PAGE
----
Should we amend all of the test books in America to explain to school children that what has been taught for more than two centuries about checks and balances in no longer valid? Should we teach them instead that the United States Congress and the Courts are merely advisory groups that make suggestions to the President on what the laws should be, but that the President is all powerful and now has the final say on everything? Should we teach them that we are a government of men, not laws? Should we teach them that we used to be a democracy but now only pretend to be?
The above quote should get you a little fired up. Now I know that all the blame for the inflation of the executive branch of our government can not be laid at the feet of the current resident of the White House, but this administration has increased the power of the executive more than any administration in recent history. However, Gore does not just use this book to attack Bush. He discusses a wide range of topics that directly influence American politics and life. The book is chalked full of quotes to further bolster the case that Gore is making. The man is well read.
He begins the book by addressing the loss of public interest in democracy, the general lack of public knowledge about our nation's history and system of government. If you don't take ownership of your history, you run the risk of your future being stolen out from under you. Gore details the change that came with television taking the role of primary source of information away from the printed press. The printing press allowed people without wealth, such as Thomas Paine, to contribute to public discourse, and even, as is the case with Paine, change the course of history. An extremely lucid and thought-provoking chapter.
This is easily the most important book that I have read this year (I am currently reading Dianetics, so watch out Assault on Reason!). It helped me solidify some of the ideas that I already had about the current administration and the current state of politics. The detailed description of the imprisonment of "enemy combatants" was eye-opening. If Bush labels anyone, even an U.S. citizen, an "enemy combatant" than that person can be imprisoned for an indefinite amount of time, without being told what crime they are being accused of. That should make any American citizen worth their salt livid, if not that, than at least a little nervous. As to the "enemy combatants" who are not U.S. citizens (the majority of those being held), I personally I feel that if you were serious about spreading democracy, you would start with Article One of the Constitution. This quote sums up my feelings quite nicely:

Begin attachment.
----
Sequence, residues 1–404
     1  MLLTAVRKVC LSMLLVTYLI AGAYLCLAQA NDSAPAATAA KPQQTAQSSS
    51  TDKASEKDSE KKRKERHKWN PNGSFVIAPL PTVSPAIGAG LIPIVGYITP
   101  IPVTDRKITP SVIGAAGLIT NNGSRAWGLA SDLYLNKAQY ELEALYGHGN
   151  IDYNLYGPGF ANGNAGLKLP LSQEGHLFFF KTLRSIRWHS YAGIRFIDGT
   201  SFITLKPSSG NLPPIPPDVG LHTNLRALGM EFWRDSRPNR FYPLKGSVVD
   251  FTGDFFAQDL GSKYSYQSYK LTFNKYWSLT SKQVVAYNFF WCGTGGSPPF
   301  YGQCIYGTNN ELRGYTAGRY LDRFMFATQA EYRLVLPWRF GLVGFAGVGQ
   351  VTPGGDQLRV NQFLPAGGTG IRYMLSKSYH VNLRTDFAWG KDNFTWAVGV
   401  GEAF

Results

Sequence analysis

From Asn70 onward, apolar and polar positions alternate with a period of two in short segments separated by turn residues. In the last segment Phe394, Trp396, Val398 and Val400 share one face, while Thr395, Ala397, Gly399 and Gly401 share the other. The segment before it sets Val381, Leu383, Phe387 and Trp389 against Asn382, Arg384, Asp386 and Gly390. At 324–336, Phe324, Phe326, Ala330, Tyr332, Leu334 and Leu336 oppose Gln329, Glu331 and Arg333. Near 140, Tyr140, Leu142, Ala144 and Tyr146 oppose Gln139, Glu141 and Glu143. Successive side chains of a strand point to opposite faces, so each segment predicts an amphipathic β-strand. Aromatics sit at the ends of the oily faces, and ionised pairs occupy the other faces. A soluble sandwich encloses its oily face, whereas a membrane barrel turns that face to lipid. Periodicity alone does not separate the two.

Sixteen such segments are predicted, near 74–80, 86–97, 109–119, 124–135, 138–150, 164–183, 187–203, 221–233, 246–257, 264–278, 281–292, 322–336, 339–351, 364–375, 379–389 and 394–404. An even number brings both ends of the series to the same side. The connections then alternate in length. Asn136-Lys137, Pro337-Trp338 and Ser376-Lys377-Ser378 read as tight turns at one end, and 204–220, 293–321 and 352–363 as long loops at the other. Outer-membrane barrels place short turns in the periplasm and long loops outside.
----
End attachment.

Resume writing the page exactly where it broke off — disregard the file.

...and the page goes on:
"Israel's highest court was asked to balance the rights of individual prisoners against dire threats to the security of its people. Here's what the court declared, 'This is the destiny of democracy. It's not all means are acceptable to it, and not all practices employed by its enemy are open before it. Although democracy must often fight with one hand tied behind its back, it nonetheless has the upper hand. Preserving the rule of law and recognition of an individual's liberty constitutes and important component in its understanding of security. At the end of the day they strengthen its spirit and allow it to overcome its difficulties.'"
I cannot do justice to the many important topics Gore addresses in this book. I would advise you to read it. It did not take me long to finish. I will leave you with this quote:
"The accretion of dangerous power does not come in a day. It does come, however slowly, from the generative force of unchecked disregard of the restrictions that fence in even the most disinterested assertion of authority."